Looking after our emotional wellbeing and mental health is essential for work and for life, says Lucy Bailey
Working from home has benefits such as flexible working patterns and reduced travel costs and time-consuming commutes, but there are also downsides, such as feeling isolated and the blurring of boundaries across the working day, which can affect emotional wellbeing and mental health.
It’s so important to create clear boundaries and to take intentional action to look after our mental health whilst also maintaining the standards needed to deliver our work. With that in mind, I have some top tips that will help you remain a stable and happy remote worker.
Keep a Routine
Routines help create the peaks and rhythm of the day. Working from home can mean we lose sight of routines and therefore the day becomes disjointed. Although you are not leaving the house, you can still create routines.
- Look after yourself and create some ‘me’ time before you start work – whether that is having a coffee whilst listening to a podcast, going for a walk, or simply acknowledging a space for you before you start the working day.
- Plan your day, including breaks and lunch, and set yourself a finish time. You’d do these things if you were in the office, and they will help you create the right balance between rest and work.
- Sleep is vital, so don’t busy your mind with work before bedtime. Take action to relax, calm your mind, and switch off. Try mindfulness or breathing, listening to soft music, or reading.
A sense of routine will equip you to manage the day and look after your emotional and mental health.
Schedule video calls, pick up the phone, and facetime instead of emailing. Make time to socialise virtually, have a digital comfort break, or have a Monday morning online get-together. Build some time at the end of a team meeting to share something good that has happened. Be intentionally social. If you were in the office, you would chat with people, so make working from home no different.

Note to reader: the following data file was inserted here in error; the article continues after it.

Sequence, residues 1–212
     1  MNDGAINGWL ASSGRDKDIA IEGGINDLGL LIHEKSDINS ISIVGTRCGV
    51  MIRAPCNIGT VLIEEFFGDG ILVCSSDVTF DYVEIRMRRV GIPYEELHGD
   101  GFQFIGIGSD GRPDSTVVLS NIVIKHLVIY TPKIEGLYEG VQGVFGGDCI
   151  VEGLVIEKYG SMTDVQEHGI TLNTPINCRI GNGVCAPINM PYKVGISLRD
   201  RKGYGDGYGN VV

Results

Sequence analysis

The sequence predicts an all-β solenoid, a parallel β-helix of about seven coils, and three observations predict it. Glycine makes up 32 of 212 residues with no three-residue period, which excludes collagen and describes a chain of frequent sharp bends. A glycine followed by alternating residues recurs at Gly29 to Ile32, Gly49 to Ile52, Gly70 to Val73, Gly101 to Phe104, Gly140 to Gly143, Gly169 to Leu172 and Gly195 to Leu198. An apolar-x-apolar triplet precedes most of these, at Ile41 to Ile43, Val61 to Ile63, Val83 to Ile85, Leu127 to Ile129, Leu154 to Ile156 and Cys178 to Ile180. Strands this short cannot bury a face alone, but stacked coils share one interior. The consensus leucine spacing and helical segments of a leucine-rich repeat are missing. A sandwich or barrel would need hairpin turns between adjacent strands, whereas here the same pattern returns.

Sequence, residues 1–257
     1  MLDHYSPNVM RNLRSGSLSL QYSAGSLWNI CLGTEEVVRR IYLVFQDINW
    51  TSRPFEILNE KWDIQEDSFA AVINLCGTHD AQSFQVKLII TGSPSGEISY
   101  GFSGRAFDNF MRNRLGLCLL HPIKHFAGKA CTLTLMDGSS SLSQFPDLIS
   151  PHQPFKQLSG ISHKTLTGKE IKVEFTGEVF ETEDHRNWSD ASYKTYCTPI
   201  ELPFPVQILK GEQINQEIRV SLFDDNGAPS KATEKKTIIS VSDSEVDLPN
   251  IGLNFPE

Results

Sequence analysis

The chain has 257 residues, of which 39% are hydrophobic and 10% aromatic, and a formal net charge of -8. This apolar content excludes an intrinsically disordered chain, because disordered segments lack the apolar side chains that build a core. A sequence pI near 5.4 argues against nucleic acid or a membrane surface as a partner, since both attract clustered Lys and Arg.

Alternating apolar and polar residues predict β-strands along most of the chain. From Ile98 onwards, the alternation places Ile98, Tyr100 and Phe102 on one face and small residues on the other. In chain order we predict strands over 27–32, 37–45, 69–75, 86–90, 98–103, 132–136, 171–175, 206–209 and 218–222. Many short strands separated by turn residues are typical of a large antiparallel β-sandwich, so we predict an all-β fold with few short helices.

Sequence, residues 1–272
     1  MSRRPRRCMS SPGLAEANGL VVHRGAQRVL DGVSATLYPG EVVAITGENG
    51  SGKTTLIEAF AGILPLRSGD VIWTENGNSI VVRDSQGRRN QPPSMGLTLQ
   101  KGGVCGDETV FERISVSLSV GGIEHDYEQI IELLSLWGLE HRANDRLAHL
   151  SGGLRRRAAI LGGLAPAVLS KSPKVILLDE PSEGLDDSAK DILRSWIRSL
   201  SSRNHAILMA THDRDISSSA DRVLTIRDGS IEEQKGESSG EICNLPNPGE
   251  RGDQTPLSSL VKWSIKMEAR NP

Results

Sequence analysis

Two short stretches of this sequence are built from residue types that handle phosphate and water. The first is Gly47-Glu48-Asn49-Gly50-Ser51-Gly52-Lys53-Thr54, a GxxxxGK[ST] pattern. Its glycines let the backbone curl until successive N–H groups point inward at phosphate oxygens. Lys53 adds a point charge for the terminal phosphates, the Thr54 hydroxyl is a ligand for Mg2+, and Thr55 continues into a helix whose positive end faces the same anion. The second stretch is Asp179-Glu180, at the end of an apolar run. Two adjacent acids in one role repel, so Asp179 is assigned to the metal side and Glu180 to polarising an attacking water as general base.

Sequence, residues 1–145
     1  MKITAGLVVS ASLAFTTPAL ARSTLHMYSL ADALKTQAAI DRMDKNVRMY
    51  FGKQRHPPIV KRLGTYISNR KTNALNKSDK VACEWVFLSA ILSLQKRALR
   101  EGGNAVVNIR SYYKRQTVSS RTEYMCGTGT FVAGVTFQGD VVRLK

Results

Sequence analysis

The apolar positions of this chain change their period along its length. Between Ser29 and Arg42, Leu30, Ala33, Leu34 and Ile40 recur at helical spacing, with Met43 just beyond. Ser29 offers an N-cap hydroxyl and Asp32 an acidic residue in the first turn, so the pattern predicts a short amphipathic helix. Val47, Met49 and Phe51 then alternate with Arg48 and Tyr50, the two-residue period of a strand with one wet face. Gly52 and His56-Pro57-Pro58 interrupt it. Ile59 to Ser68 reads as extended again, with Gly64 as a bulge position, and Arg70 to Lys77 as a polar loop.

Stay connected to the purpose of your role within the organisation. Remind yourself regularly about how you fit into the bigger picture and the importance of your role. Whether you are part of a large or small organisation, it’s good to reconnect with your purpose.
Separate Your Space
Having a clear line between your workspace and living space will create explicit cues that will help you switch in and out of work mode. A Forbes piece on remote working environments highlights how important a separate space is for achieving balance, which is the ultimate goal for remote workers.
It’s also important to make sure you are comfortable where you work. Slouching on the sofa is not good for your posture, but it also doesn’t set you in the right frame of mind for work. It’s too easy to find yourself checking emails into the evening from the sofa, rather than relaxing and switching off.
Put your laptop away when you are finished and turn your phone to silent. Making a distinct separation will help you relax so you can recharge and be better prepared for work tomorrow.
Wellbeing is personal and unique. What works for one person won’t work for others. It’s the same with working from home. For some, it offers great flexibility to start work earlier and have their evenings free. For others, it will be more difficult. Either way, there are things that can help us take control and ensure that we are actively looking after our emotional wellbeing and mental health, which is essential for work and for life.